Heartland of Darkness (1989) Visual Vengeance Blu-ray Review
A bit overlong at 101 minutes, but still somehow compelling and convicting as a low budget indie horror effort from the late 1980’s, Heartland of Darkness gives a lot more than most indie horror films in the same vein.
A newcomer in a small town sets up shop as the new editor of the town’s only newspaper, and he stumbles into a satanic cult that is controlling the entire town’s population.
Paul Henson (Dino Tripodis) and his teenage daughter Christine (Sharon Klopfenstein) move into a small Ohio town after years of the big city life, and Paul takes over a defunct newspaper office and sets up shop as the town’s new investigative reporter. He quickly hires another reporter named Shannon (Shanna Thomas), and before they know it, they’re driving out to grisly murder scenes with the victims being totally eviscerated and disemboweled, which are promptly chalked up to being “drug related” by the obviously clueless or corrupt police force and town’s district attorney. Shannon insists these are ritualistic satanic cult murders, and pretty soon Paul comes to the conclusion that she’s onto something. The town’s only preacher is an unsettling creep named Donovan (well cast Nick Baldasare) who we already know has the entire town under his thumb, including a local (and shockingly hot) high school teacher (played by Linnea Quigley, who obviously has some nude scenes in the film) who immediately sets her sights on corrupting Paul’s daughter Christine. As more horrific murders occur around town – including 12 (!) babies who are stolen from the maternity ward and sacrificed at a local landfill – Paul scrambles to find the source of the evil before the sinister reverend does something even more unthinkable.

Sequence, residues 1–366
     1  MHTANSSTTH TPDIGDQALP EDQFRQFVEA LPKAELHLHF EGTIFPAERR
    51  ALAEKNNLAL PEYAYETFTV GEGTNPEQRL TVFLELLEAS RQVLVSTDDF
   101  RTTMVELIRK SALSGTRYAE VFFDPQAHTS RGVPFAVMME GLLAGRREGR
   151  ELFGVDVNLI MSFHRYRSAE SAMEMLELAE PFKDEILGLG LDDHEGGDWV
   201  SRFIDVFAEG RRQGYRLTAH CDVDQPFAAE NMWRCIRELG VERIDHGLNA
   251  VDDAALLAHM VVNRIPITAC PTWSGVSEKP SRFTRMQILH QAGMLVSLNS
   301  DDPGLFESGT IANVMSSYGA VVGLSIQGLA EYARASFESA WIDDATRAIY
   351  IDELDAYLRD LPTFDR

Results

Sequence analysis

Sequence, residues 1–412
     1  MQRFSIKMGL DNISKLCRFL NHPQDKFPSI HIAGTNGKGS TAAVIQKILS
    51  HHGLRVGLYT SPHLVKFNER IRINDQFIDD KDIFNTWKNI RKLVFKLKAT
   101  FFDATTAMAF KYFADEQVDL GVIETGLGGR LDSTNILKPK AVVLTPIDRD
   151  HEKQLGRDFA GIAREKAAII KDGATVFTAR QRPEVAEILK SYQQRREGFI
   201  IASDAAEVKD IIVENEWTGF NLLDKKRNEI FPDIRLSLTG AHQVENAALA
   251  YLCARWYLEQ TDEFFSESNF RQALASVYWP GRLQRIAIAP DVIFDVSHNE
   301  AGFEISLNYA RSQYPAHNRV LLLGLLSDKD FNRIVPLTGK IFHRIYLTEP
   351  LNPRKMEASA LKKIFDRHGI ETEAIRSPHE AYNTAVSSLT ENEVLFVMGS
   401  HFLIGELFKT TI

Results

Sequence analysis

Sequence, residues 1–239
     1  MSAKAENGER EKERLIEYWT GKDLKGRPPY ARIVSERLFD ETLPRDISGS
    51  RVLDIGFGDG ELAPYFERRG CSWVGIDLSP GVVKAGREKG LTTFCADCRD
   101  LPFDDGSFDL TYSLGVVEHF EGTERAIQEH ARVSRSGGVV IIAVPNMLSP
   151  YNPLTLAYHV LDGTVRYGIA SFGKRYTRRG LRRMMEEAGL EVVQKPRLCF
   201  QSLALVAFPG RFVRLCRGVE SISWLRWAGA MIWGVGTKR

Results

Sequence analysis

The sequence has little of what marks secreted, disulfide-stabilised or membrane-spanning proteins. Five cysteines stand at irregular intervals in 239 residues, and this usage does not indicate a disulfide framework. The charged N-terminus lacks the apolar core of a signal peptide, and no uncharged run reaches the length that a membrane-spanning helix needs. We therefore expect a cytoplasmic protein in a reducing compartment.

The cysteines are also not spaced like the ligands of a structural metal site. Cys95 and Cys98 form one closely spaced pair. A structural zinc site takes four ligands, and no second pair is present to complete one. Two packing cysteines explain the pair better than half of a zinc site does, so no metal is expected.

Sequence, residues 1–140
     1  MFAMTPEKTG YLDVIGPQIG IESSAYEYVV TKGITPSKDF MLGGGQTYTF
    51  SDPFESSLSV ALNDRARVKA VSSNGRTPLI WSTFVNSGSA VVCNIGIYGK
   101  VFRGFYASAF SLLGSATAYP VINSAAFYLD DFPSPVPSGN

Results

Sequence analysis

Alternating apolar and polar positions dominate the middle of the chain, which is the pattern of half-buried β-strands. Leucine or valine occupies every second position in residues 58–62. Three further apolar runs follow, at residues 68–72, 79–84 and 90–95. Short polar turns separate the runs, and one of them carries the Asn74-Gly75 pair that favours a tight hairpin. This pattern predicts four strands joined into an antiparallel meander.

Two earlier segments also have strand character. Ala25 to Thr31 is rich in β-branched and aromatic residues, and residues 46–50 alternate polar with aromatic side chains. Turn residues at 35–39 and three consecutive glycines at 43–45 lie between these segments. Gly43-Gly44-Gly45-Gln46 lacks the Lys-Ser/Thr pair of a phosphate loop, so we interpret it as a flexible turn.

A bit overlong at 101 minutes, but still somehow compelling and convicting as a low budget indie horror effort from the late 1980’s, Heartland of Darkness gives a lot more than most indie horror films in the same vein. With tons of convincing gore, special effects, and nudity, the film has a weird charm to it, which is saying something, considering that the movie remained unreleased in any format until now. It’s rally mystifying why this film never got released and just sat on a shelf for more than 30 years because it’s not half bad, if very cliche in terms of presenting the Christian reverend as a heinous cretin. From filmmaker Eric Swelstad.
Wild Eye Releasing and Visual Vengeance recently released a Blu-ray for this one, and it’s totally loaded with special features, including commentaries, docs, interviews, a foldout poster of Linnea Quigley, a prayer mat (!?), stickers, an essay booklet, and tons more. Well worth picking up at its reasonable price.
All region Blu-ray
New director-supervised SD master from original tape and film elements
Deeper Into the Darkness: New 40-minute BTS documentary
Commentary with director Eric Swelstad, star Nick Baldasare, cinematographer Scott Spears and composer Jay Woelfel
Commentary with Tony Strauss of Wengâ€™s Chop magazine
Linnea Quigley Remembers: new interview
Archival Linnea Quigley ‘Close Up’ TV interview
Original TV spots, trailers and behind-the-scenes footage
Complete original â€œFallen Angelsâ€ 1990 workprint
â€œFallen Angelsâ€ 1990 workprint commentary track with director Eric Swelstad
The Making of Fallen Angels – vintage cast & crew newscast interviews
Blood Church â€“ original distributor promotional video
Behind-the-scenes image gallery
Six-page liner notes
Fantasm Magazine excerpt â€” Director spotlight
Limited Edition Heartland of Darkness â€œPrayer Clothâ€ – FIRST PRESSING ONLY
Limited Edition slipcase – FIRST PRESSING ONLY
Collectible Linnea Quigley folded mini-poster
â€˜Stick your ownâ€™ VHS sticker set
Reversible sleeve featuring original Blood Church promotional art